When to Prune Spring Flowering Trees and Shrubs

Woman pruning foliage
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Most trees and shrubs benefit from annual pruning. It keeps them in shape, gets rid of dead and diseased wood and encourages new growth. Spring may seem like the ideal time to do this and we are all certainly ready to get out in the garden and start to clean things up. But not all trees and shrubs should be pruned early, especially some of the flowering ones.

How to Decide When to Prune Flowering Trees and Shrubs

Early spring bloomers set their flower buds the previous fall.

Pruning these plants early in the spring would mean pruning off the flower buds and losing some, if not all the blossoms. It is also one of the most common answers to "Why don't my plants bloom?.

A general rule of thumb is to:

  • Prune spring flowering trees and shrubs right after they bloom
  • Prune later flowering trees and shrubs in the early spring.

This helps guarantee the plants will have time to set new buds and that they will flower for you next season.

Most of the time losing an entire season of flowers is not what you want to accomplish with pruning. However, sometimes it is worth it. When you need to rejuvenate an old tree or shrub and make extensive cuts, it’s much easier to prune when you can see the shape of the plant. In that case, it would mean pruning while the tree or shrub is dormant before it leafs out and the branches are masked by leaves. Trees and shrubs that are in need of a good shaping can do with sacrificing a few blooms for one year, to be invigorated by a spring pruning.

Pruning during a tree or shrub's dormant season offers a couple of additional perks that are worth considering. Any kind of pruning stresses a plant. If you prune while the tree is trying to actively grow in the spring, it is even more of a burden. Dormant pruning allows the tree or shrub to deal with healing the cut, without having to worry about producing leaves and flowers or sending out new growth.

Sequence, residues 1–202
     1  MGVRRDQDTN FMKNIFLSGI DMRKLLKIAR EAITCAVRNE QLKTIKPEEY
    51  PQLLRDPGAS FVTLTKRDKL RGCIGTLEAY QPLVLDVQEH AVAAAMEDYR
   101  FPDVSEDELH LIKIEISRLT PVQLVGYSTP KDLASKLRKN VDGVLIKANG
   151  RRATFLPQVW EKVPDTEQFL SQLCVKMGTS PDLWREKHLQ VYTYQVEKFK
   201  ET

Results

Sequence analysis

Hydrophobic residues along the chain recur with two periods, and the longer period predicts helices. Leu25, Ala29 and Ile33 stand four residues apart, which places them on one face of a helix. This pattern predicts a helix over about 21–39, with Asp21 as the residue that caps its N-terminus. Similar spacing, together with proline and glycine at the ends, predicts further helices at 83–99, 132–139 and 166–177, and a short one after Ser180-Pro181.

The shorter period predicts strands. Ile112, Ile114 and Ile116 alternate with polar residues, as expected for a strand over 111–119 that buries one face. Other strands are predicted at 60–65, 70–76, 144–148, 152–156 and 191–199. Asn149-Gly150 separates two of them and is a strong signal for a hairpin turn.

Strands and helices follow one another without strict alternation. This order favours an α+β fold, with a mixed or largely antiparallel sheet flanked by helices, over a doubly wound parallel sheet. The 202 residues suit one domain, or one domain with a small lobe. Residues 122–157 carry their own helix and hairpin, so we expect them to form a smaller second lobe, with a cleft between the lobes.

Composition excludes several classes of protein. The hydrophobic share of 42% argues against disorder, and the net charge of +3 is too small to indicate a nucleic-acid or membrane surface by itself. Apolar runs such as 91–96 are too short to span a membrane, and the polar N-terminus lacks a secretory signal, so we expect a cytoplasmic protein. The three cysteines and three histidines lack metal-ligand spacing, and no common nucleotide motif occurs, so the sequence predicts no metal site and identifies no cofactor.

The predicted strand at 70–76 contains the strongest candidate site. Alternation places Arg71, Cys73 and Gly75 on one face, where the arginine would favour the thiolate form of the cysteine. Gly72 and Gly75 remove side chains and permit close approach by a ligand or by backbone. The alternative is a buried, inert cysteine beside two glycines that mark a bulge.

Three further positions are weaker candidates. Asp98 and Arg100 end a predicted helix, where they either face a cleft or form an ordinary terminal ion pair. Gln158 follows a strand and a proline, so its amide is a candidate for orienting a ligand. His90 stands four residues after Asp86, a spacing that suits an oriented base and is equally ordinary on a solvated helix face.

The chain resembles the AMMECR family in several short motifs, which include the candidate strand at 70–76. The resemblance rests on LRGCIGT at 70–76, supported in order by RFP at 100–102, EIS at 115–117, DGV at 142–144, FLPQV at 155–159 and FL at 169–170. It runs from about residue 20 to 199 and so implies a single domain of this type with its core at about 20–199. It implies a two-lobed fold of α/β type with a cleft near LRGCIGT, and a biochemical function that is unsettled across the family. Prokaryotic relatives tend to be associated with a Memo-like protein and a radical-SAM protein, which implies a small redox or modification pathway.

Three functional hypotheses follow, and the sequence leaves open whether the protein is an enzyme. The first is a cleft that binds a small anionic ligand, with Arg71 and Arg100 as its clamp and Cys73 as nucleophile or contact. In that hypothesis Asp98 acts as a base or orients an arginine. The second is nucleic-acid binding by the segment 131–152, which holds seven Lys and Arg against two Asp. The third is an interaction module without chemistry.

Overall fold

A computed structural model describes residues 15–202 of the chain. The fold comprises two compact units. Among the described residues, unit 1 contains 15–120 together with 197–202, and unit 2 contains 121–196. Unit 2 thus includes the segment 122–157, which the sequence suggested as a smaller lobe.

Another plus is that winter pruned plants are less susceptible to insect and disease problems. Pruning creates an open wound. Although the tree or shrub is perfectly capable of healing itself, it can take several days. In the meantime, that open wound is an invitation for insects, bacteria and fungal spores to get inside the plant. Since most insects and diseases are not active in cold, winter weather, the tree or shrub has time to recoup without the extra stress of fighting off a potential problem.

New Hydrangeas Can Be Pruned Anytime

To make things easier for you, most of the new varieties of hydrangeas have been bred to repeat bloom throughout the growing season. They tend to bloom on the new growth, so no matter when you prune, more flowers buds will be set and the flowers will follow. So if figuring out when to prune which shrub is too confusing for you, look for a modern hydrangea, such as the Endless Summer® and Everlasting® series.

Although there are rules of thumb, there are no hard and fast rules. To help you out, here is a list of commonly grown spring flowering trees and shrubs and the best time to prune them.

Trees and Shrubs to Prune in Late Spring/Early Summer, After Bloom

These trees and shrubs set their flower buds the prior fall and adhere to the rule of thumb to hold off on early spring pruning, until after their flowers fade.

You'll have a couple of weeks grace period, after flowering, to get this pruning done before next seasons buds begin being set.


Trees and Shrubs to Prune in Early Spring, While Dormant

These trees and shrubs don't usually set their flowering buds until they start actively growing in spring.

They should be pruned as early in the spring as possible, while they are still dormant, to give them time to recover.